Long-awaited restitution check fuels day-school building drive

A couple's recent donation of $50,000 in German restitution funds to their grandchildren's day school has triggered an outpouring of like-minded generosity.

Liz and Henry Lehmann of Baltimore bestowed their gift to the Mid-Peninsula Jewish Community Day School in Palo Alto. Their son Leonard Lehmann, 43, and wife Vivian, who live in Palo Alto, have two children at the day school and their third child starts there in the fall.

Laura Lauder of Atherton, head of the school's campaign to raise $6.5 million for new construction and expansion, said since news of the large donation hit the local press, "We've had a wonderful response." Several more donations have come in, and she has been contacted by another couple who are also interested in donating German restitution funds.

"After learning we would be compensated by the German government, we both decided the money had to be given to benefit the Jewish people," said Henry Lehmann. The funds "will be used to support building projects for Jewish day schools…that our grandchildren attend." Besides the Mid-Peninsula school, the couple is donating to Jewish schools in Waltham, Mass., and Baltimore.

"Day-school education is the key to Jewish survival in the United States. We are proud that each of our 14 grandchildren attends a Jewish day school. We are committed to supporting the establishment and sustenance of such schools," said Lehmann.

When the Lehmanns resided in the Bay Area, Henry served as treasurer of the day school for its first five years. Liz was acting principal in 1994 and taught in the school the following year.

"Nazi Germany tried to destroy all Jewish institutions but they didn't succeed," said Lehmann. "It is up to us, the Jewish community, to maintain support of these institutions,"

Lehmann's grandfather, a learned member of the Orthodox community of Leipzig, Germany, started an egg wholesale business that was later taken over by Henry's father. When the Nazis seized power, the Lehmanns were forced to sell the business for virtually nothing.

"The Nazis stole our store and tried to exterminate the Jewish people," he said. "Fortunately, my parents, my brother and I were able to leave, and after short sojourns in France and Brazil, settled in the U.S."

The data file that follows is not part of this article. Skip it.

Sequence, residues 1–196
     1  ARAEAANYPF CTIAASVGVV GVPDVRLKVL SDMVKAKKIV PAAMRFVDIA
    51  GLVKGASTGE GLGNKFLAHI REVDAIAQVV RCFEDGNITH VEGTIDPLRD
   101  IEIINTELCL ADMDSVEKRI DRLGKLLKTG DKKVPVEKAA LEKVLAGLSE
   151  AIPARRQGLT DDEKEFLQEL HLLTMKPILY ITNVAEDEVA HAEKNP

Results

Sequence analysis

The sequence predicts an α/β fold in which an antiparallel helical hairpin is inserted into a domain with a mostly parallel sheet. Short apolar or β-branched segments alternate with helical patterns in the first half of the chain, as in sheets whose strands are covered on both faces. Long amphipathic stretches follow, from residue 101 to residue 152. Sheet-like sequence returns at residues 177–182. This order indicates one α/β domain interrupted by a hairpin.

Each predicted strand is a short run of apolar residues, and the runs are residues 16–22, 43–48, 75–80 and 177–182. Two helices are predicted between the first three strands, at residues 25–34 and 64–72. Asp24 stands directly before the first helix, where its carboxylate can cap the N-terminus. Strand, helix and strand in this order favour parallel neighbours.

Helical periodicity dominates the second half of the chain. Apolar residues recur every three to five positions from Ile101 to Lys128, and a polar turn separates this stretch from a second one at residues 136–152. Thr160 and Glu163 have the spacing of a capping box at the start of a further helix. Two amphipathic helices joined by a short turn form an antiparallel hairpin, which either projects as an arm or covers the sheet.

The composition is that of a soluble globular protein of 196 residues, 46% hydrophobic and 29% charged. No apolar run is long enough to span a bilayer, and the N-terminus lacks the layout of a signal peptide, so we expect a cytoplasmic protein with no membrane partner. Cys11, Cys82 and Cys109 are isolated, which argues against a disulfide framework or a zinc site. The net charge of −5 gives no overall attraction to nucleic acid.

The family arrived in New Orleans in 1941. They had very little money, and both Henry and his brother received scholarships to attend Tulane University.

Lehmann became an engineer, working for General Electric for 38 years. Later, while he and his wife lived in the Bay Area, he served as chief executive officer of GreenSpring Computers in Menlo Park.

Following the 1989 reunification of Germany, the German government was willing to hear claims by refugees from the former East Germany. Late in 1997, the Lehmanns were informed by their German attorney that compensation for the forced sale would be paid in March 1998.

"I cannot think of a better use of my grandfather's money than to show that even though the Nazis killed 6 million of us, they did not exterminate our whole people, and that Jewish education is thriving and expanding," Lehmann said.

The day school has already raised $4.5 million — more than two-thirds of which has come from Jews in the community who are not affiliated with the school, according to Lauder. The S.F.-based Jewish Community Federation has donated $1 million.

"Since reporting of the Lehmanns' contribution, others in the community have called to say they have been inspired by the gift and plan to follow the Lehmann's lead," Lauder said.

To honor the Lehmann's gift, the school will "design an engraved plaque on a bench where people sitting there will surely feel the enormous power of the defiance of the Nazi plan to exterminate the Jews," she said.

The day school, founded in 1990, is a community-based nonprofit school for kindergarten through fifth grades. With the new building, grades six, seven and eight will be added. Construction is set to begin in the summer and be completed by September 1999.